In the world of design, Eindhoven is known for its Design Academy (see below) and for being the location of the Dutch Design Week (22-30 October this year). In historical terms, the Dutch city owes its growth to the technology giant Philips, which radically altered the local geography by building houses, daycare centers, sports facilities and many other structures for its employees from the 1960s to the 1980s.
The major crisis that struck the company towards the end of the 1980s, however, forced Eindhoven to change its image, getting away from the ‘Philips-centric’ approach while opening up to design and innovation. The core of the city has been completely redesigned, also thanks to the efforts of leading Italian architects (in the wake of Gio Ponti, who completed the De Bijenkorf department store in 1968), such as Massimiliano Fuksas, Stefano Boeri, Alessandro Mendini and Andrea Branzi, permanently changing the city’s identity with a futuristic and efficient spirit. The center alternates contemporary buildings with typical low houses in red brick with large windows, some reinterpreted in a modern tone, around squares full of energy and life.
Design Academy Eindhoven is an interdisciplinary school, covering art, architecture and design. It is considered one of the most important design institutes in the world. Many talents have emerged from its programs over the years. The school organizes various events throughout the year. The most famous is undoubtedly the Graduation Show, displaying the works of graduating students.
Another attraction in the Dutch city is the Philips Museum, of the company that (for better or worse) has permanently marked the history of this city. The building housing the exhibits was once a production facility for light bulbs, and the museum offers an itinerary through the electronic devices that have changed our way of living in the home.
The Blob (designed by Massimiliano Fuksas), on the iconic square at 18 Septemberplein, is a glass and steel structure that seems like a UFO that has just landed in the city. Actually it is the entrance to the De Admirant shopping mall, which stands right behind it.
Made by the artists Claes Oldenburg and Coosje van Bruggen, this monumental installation is located near the main rail station of Eindhoven, and has become a true symbol of the city. It was built to mark the start of the 2000s, and features bowling pins (about 8 meters high) struck by a ball, on the point of falling to the ground and rolling away. The pins are placed at the end of a big street, which represents the bowling lane.
Church of St. Catherine
This is the most famous and important church in Eindhoven, built in Neo-Gothic style in 1867, with carved rose windows and two steeples. Its architecture, in spite of a style that is clearly different from the rest of the constructions, adapts perfectly to the city center, looming over the low houses while offering an oasis of peace. The church faces one of the most beautiful and characteristic squares in the city.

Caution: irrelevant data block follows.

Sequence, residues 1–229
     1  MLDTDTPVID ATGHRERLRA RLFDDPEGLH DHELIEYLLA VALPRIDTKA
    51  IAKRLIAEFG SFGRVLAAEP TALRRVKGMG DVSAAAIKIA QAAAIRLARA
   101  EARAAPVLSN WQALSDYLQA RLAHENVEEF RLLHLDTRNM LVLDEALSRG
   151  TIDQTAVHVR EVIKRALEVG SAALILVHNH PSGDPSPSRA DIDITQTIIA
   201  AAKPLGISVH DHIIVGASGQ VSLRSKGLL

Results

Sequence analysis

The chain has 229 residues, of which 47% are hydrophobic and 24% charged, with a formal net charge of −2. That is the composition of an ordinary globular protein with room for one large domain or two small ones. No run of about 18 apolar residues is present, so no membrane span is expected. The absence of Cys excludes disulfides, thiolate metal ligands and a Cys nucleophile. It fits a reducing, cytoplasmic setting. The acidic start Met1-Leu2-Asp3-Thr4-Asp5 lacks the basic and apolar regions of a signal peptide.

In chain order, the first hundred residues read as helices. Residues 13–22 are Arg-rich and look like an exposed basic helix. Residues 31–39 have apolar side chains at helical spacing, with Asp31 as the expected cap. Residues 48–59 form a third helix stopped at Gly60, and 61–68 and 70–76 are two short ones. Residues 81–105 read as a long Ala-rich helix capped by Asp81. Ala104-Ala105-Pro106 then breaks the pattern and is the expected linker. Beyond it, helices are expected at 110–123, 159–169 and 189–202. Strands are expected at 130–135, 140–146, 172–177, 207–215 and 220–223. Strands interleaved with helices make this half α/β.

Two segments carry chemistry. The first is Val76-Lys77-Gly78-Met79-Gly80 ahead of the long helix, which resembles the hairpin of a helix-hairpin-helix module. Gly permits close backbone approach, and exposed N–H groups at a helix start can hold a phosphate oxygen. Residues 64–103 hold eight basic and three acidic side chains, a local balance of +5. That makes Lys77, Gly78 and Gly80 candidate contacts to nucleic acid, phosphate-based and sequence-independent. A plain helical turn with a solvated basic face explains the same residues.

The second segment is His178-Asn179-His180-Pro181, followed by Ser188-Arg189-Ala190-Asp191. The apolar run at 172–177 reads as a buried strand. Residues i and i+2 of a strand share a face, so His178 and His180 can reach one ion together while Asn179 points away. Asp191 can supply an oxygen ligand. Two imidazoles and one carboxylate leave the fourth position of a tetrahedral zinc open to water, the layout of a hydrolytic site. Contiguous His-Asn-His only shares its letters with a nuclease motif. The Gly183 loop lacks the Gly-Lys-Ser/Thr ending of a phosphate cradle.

Strijp-S is one of the main attractions of Eindhoven, not far from the city center. It is a former industrial area that once belonged to Philips and has now been completely refurbished as a focal point of culture. It contains the workshops of emerging artists and designers, fashion boutiques, music stores and venues for enjoying leisure time.
Market Square, known in Eindhoven as De Markt, is the city’s historic square, already constructed in and around the year 1230. It is a nerve center of the Dutch city, filled with tourists every day. On Saturday it hosts a very large flea market, a true attraction for visitors. The buildings around De Markt are almost all historic structures, dating back above all to the start of the 19th century.
Another site of architectural interest in the Dutch city is the Evoluon. It was built by Philips in 1966 as a science museum, closed in 1989 and then reopened in 1998 as a conference center. Its form resembles an enormous flying saucer, with a concrete dome whose diameter is 77 meters, held in place by steel bars.
Built in 1936 with a project by the architect A.J. Kropholler and then expanded in 2003, the Van Abbemuseum is subdivided into an older part and a more modern portion. It also contains a library by the Flemish designer Maarten van Severen. Inside, the museum offers 1000 sculptures, 700 paintings and 1000 works on paper, including pieces by El Lissitzky, Pablo Picasso, Georges Braque, Wassily Kandinsky, Marc Chagall, Joseph Beuys and Marcel Broodthaers.